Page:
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Tuesday, May 11, 2021

State versus Derek Chauvin trial: What you need to know about the George Floyd murder

In May 2020, the incident happened when Floyd was arrested by four police officers for trying to pay with a counterfeit $20 bill at a grocery store in Minneapolis.

By: Express Web Desk | New Delhi |
Updated: April 21, 2021 3:29:53 pm
Derek ChauvinVisitors pay their respects at George Floyd Square in Minneapolis.

A US Jury has found former police officer Derek Chauvin guilty for the murder of George Floyd, an African-American man who was handcuffed and pinned to the ground under the knee of Chauvin for 9 minutes and 29 seconds.

He has been found guilty on three charges: second-degree unintentional murder, third-degree murder, and second-degree manslaughter. Chauvin can be sentenced for up to 40 years in prison.

In May 2020, the incident happened when Floyd was arrested by four police officers for trying to pay with a counterfeit $20 bill at a grocery store in Minneapolis.

Floyd’s death led to widespread violent protests in Minneapolis and around the United against racism and targeted police brutality.

Chauvin’s bail was revoked and he will remain in police custody till his sentencing, which is eight weeks from now.

Attorney Tony Romanucci (centre left) hugs Donald Williams, a key witness in the trial of former Minneapolis police Officer Derek Chauvin, during a news conference after the guilty verdict was read on Tuesday (AP photo)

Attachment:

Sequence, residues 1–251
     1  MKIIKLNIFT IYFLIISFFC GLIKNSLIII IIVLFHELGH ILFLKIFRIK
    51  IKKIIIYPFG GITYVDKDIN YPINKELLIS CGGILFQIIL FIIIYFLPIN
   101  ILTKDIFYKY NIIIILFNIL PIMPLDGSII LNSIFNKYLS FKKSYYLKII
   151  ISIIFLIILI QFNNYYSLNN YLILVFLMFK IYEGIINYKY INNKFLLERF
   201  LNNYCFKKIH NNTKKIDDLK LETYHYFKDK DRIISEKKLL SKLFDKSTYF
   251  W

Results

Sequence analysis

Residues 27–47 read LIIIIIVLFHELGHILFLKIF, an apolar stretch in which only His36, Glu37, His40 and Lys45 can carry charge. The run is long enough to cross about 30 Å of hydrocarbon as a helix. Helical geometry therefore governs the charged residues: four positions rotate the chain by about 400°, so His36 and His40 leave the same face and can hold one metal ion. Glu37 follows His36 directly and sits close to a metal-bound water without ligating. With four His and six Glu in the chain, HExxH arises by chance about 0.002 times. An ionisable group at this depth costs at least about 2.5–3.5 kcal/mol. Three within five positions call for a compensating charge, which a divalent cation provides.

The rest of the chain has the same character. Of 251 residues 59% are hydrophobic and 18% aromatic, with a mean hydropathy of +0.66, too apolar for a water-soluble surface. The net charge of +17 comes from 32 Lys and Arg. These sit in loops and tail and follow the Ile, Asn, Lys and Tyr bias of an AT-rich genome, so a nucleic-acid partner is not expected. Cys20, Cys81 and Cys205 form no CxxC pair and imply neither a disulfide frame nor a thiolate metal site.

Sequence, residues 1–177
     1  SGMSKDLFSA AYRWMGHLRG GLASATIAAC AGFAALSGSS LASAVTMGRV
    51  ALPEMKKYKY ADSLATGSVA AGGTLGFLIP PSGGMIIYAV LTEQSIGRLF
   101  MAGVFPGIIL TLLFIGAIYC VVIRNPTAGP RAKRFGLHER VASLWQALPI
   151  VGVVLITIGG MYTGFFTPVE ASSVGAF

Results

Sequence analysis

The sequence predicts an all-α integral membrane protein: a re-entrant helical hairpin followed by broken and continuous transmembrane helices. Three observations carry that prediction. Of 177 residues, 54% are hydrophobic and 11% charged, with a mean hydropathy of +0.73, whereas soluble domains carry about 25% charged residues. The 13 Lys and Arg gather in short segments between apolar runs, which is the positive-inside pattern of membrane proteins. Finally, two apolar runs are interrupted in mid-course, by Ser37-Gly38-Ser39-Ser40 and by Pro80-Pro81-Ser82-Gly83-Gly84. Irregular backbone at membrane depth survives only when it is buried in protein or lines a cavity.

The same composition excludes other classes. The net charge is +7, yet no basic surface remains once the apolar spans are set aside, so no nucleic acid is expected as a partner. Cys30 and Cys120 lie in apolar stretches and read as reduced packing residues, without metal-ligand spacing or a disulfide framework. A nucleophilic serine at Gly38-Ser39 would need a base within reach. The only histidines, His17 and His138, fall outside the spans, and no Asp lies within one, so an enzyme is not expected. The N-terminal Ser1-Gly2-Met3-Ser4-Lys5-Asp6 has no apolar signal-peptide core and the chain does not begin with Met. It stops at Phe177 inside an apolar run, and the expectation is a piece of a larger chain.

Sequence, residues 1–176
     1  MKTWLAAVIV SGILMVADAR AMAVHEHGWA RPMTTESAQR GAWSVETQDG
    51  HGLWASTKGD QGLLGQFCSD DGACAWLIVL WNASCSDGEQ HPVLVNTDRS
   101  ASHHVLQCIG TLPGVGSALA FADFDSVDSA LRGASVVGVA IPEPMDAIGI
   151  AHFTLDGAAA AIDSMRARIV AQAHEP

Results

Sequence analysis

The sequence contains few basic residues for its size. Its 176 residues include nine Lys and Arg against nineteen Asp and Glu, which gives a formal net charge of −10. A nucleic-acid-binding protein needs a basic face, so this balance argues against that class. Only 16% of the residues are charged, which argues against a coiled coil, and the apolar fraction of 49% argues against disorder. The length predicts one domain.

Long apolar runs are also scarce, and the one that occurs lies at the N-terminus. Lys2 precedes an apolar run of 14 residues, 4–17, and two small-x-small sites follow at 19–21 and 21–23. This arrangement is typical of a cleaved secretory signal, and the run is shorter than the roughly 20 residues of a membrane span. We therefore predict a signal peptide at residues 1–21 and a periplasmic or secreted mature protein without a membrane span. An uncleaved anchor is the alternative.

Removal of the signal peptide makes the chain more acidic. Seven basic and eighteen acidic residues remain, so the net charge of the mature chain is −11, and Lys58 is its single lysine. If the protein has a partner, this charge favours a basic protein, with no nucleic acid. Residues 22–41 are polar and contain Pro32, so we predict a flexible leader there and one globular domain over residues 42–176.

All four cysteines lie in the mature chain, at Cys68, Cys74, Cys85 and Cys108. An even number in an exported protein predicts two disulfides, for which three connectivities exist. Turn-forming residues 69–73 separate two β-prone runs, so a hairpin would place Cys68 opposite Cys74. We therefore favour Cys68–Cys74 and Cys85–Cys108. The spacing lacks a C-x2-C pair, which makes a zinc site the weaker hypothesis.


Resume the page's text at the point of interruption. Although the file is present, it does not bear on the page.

The verdict is historic for the US as the American justice and police system had long given leeway and protections to police officers after they have used excessive violence towards civilians, particularly Black people.

In March, the State of Minnesota approved a $27 million settlement with Floyd’s family in a wrongful death suit in police custody.

What are the three charges?

The second-degree unintentional murder charge alleged that Chavin didn’t intend to kill Floyd while committing or attempting to commit third degree assault. And the third-degree murder charge alleged that Floyd’s death was caused by Chauvin by “perpetrating an act eminently dangerous to others and evincing a depraved mind, without regard for human life.”

The second-degree manslaughter charge alleged that Chauvin’s culpable negligence created an unreasonable risk causing Floyd’s death.

The common element between all three charges was that Chauvin’s negligence in using force caused Floyd’s death.

The Trial

The trial, which began on March 29, was a highly emotional affair considering the rising tensions surrounding the death of Floyd.

The almost 10-minute-long video of Chauvin kneeling on Floyd’s neck while he pleaded “I can’t breathe”, was shot by a teenage girl who appeared on the witness stand. There were also 45 other witnesses, including medical experts and former police officers.

Floyd’s girlfriend, Courteney Ross also took to the stand and described her and Floyd’s struggle with addiction and painkillers.